7
Feedback to Office of Emergency Preparedness on Program Management

Although the focus of the work of the Institute of Medicine’s (IOM’s) Committee on the Evaluation of the Metropolitan Medical Response System Program was the preparedness of the communities around the United States that have developed or that are developing a Metropolitan Medical Response System (MMRS), a second part of the charge to the committee (see Chapter 1) concerns the performance of the U.S. Department of Health and Human Services’ (DHHS’s) Office of Emergency Preparedness (OEP) staff themselves in their administration of the program. The committee was asked how OEP can determine, at the program level (i.e., at the national level), whether the strategies, resources, mechanisms, technical assistance, and monitoring processes provided to the MMRS development process are effective.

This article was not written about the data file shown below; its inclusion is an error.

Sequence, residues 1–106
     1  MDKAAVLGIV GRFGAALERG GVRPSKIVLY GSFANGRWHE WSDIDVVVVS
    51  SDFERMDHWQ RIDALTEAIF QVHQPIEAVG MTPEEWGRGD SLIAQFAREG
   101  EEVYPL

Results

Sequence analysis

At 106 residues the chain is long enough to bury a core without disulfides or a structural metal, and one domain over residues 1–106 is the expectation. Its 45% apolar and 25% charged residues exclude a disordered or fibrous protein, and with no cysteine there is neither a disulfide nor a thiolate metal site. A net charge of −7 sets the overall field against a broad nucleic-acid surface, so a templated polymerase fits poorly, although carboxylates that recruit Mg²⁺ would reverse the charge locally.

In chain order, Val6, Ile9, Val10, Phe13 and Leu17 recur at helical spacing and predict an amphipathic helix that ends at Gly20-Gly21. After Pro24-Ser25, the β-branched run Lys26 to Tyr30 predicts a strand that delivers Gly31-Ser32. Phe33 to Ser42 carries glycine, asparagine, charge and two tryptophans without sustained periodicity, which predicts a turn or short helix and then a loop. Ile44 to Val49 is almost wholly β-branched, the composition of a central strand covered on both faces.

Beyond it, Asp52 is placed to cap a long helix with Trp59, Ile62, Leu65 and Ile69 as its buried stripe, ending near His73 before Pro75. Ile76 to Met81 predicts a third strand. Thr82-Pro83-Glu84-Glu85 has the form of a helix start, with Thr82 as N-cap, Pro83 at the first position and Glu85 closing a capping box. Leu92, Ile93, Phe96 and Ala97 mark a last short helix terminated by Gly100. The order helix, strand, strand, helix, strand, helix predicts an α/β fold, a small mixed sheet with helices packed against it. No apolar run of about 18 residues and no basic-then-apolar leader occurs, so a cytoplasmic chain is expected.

The question of effectiveness cannot be fully answered independently of some measure of the preparedness of the MMRS program communities, a task undertaken in subsequent chapters. It cannot be overemphasized, however, that whatever the state of local preparedness, many programs and initiatives—those of the federal, state, and local governments and of the private sector—as well as preexisting conditions in each jurisdiction contribute to preparedness. It is therefore impossible, even for the MMRS program communities themselves, to fully disentangle the causal effects of the MMRS program relative to the effects of these other influences. It is nevertheless possible to make some judgments about OEP’s administration of the program by asking its contractors, that is, the MMRS program communities, about the extent to which they used OEP technical assistance and resources in fulfilling the terms of their contracts, their per-